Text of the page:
Confronting An Absence

Both Parashat Tetzaveh and the Book of Esther are missing some central characters.

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Reprinted with permission from The Torah: A Women's Commentary, edited by Tamara Cohn Eskenazi and Andrea L. Weiss (New York: URJ Press and Women of Reform Judaism, 2008).

Most years, this Torah portion is read during the week preceding Purim. The connection between the parashah and Purim is not immediately apparent. Tetzaveh is filled with exacting details about the assembly of the priestly garments and the ritual role Aaron and his sons are to perform as anointed priests. The book of Esther is a melodramatic tale of threat, intrigue, and ultimate redemption through plot twists and the reluctant heroism of a beautiful queen.
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While the plots and purposes of these texts are vastly different, each in its own way, asks us to confront an absence. Tetzaveh is the only parashah from the beginning of the book of Exodus until the end of Deuteronomy where the name of Moses does not appear. And Esther is one of only two books of the Bible where the name of God does not appear. These absences are cause for abundant commentary in each individual case, but the relationship between the two texts seems to receive only passing mention. What insight can this parallel presence of absence convey?

Why is Moses Missing?

Many commentators speculate as to why Moses' name is absent from parashat Tetzaveh. One theory is that the omission is meant to acknowledge the anniversary of his death, which is said to be the seventh of Adar, just one week before Purim. Another theory is that Moses' name is left out as divine admonishment for his jealousy over Aaron's appointment as chief priest. Still others maintain that in his humility and self-effacement, Moses graciously cedes the role to his brother and absents himself from the narrative, so to speak, to make this clear.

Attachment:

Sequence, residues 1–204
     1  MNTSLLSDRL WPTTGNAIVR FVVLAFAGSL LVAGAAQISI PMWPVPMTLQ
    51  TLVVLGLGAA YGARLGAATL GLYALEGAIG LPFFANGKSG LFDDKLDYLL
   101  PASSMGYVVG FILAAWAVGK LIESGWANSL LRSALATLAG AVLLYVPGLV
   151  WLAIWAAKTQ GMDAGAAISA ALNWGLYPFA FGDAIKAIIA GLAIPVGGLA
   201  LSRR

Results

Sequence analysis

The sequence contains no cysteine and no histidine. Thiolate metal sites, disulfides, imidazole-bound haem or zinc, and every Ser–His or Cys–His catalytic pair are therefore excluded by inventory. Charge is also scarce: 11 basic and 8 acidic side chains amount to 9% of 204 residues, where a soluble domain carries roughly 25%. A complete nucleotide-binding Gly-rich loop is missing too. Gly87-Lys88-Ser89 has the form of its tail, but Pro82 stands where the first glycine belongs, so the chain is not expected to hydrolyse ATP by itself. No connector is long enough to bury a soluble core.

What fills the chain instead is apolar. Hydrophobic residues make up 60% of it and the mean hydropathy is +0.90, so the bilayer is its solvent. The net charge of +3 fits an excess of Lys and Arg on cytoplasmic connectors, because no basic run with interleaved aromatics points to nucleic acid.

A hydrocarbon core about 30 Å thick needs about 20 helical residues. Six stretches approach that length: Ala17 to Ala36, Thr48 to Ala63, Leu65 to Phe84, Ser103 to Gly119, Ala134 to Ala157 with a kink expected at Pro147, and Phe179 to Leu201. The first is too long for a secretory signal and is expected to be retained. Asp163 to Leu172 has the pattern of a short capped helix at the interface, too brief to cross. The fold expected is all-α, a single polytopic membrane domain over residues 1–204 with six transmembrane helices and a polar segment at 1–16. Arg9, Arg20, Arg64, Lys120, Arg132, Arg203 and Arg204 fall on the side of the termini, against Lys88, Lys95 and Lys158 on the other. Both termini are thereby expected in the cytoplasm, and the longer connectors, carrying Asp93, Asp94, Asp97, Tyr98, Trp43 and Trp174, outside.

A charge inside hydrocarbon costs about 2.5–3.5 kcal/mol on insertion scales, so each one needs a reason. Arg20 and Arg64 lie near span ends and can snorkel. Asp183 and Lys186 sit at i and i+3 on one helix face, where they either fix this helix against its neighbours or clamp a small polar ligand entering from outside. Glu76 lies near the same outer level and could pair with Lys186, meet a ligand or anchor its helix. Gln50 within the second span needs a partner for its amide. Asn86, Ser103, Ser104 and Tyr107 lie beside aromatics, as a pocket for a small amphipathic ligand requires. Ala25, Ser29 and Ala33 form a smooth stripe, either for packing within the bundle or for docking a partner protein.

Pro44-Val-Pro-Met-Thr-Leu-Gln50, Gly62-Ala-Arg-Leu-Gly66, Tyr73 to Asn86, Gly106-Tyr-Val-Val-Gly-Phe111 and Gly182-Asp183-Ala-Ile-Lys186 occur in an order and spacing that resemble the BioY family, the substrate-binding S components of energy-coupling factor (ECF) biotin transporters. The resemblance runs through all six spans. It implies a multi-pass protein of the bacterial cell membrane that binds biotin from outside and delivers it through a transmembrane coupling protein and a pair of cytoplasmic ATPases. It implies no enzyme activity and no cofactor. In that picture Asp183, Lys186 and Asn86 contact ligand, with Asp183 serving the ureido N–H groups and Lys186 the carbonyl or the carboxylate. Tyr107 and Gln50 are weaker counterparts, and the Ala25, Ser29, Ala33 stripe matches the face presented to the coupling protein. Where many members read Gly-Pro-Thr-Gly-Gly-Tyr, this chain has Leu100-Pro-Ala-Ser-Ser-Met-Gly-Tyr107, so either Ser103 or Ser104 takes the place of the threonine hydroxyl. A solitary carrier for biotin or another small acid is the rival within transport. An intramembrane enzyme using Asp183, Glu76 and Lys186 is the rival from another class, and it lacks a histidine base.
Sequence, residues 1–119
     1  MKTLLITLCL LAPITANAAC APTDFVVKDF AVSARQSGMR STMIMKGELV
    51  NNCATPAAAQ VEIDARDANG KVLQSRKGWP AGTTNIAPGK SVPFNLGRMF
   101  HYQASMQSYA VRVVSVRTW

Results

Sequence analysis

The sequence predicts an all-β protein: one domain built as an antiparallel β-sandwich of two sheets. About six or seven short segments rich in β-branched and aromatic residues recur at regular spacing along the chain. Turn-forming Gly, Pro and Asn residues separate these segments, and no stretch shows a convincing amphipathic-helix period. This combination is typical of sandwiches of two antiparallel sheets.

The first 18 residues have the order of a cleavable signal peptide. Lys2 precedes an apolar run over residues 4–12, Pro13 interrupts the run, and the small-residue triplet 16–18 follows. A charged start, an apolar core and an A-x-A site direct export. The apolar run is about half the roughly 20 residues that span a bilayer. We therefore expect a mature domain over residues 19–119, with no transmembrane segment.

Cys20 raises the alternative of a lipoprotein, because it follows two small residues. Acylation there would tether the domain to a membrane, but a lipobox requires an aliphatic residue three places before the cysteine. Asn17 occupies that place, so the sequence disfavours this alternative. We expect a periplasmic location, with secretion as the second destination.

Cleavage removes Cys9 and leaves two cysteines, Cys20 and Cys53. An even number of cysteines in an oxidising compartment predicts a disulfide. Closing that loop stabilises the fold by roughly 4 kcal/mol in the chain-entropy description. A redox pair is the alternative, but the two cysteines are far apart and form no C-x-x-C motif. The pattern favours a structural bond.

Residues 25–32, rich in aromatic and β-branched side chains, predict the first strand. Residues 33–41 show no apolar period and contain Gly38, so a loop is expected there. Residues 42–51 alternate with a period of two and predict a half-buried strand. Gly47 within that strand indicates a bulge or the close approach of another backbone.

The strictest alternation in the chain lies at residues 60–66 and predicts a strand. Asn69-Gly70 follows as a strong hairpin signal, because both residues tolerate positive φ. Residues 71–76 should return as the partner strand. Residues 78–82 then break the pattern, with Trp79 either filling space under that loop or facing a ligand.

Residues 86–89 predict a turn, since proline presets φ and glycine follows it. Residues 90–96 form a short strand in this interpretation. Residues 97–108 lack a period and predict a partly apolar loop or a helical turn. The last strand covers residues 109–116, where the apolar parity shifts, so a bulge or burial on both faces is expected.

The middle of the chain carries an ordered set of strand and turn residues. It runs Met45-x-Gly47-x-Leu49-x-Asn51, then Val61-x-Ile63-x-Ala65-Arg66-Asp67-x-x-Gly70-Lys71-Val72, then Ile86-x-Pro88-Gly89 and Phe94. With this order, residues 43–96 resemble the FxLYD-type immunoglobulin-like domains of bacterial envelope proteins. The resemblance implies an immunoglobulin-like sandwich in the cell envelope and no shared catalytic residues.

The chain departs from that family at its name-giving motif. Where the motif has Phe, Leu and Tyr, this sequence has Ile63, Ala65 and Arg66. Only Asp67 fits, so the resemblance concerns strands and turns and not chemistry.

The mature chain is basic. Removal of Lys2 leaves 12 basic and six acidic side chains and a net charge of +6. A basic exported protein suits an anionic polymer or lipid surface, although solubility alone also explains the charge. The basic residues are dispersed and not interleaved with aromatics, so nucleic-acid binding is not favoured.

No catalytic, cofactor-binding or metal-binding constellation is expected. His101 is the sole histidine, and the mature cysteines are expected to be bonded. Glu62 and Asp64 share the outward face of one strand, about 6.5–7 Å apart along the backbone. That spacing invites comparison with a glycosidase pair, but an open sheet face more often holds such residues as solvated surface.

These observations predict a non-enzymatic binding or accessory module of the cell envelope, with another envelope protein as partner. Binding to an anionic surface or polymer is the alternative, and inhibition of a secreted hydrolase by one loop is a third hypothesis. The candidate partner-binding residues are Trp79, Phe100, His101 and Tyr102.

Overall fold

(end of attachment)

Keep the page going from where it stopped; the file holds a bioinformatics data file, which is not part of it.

Regardless of the reaction that Moses mayor may not have experienced when his brother became the head priest instead of him, the narrative suggests that although his name is not mentioned, Moses remains God's agent-the enabler for all that is to happen. This is made evident through an unusual grammatical formulation found in the parashah's opening verses.

Elsewhere in the Torah, God's commands to Moses are stated in the simple imperative: "instruct" (tzav) or "speak" (dabber). In Tetzaveh, however, three instances of an additional pronoun appear, giving extra emphasis to the actor responsible for the actions. Translating the text more literally, the first verse of the parashah (27:20) reads: ''And you, yourself shall command the children of Israel." Shortly thereafter, we read: "And you, bring near to yourself your brother Aaron, with his sons, from among the Israelites, to serve Me as priests" (28:1). The same grammatical form appears two lines later: "You, yourself speak to all who are skillful, whom I have endowed with the gift of skill, to make Aaron's vestments" (28:3).

It's All You

The 16th century commentator Moshe Alshekh suggests that this repeated double emphasis is God's way of saying to Moses, "It's all really you. You have a greater share in it than anyone. All fulfill themselves through you" (cited in Nehama Leibowitz, Studies in Shemot, 1980, p. 526). Perhaps such language means to tell us that Moses is not absent at all. Rather, his presence is momentarily diminished so that other leaders can step forward to serve the broader needs of the community.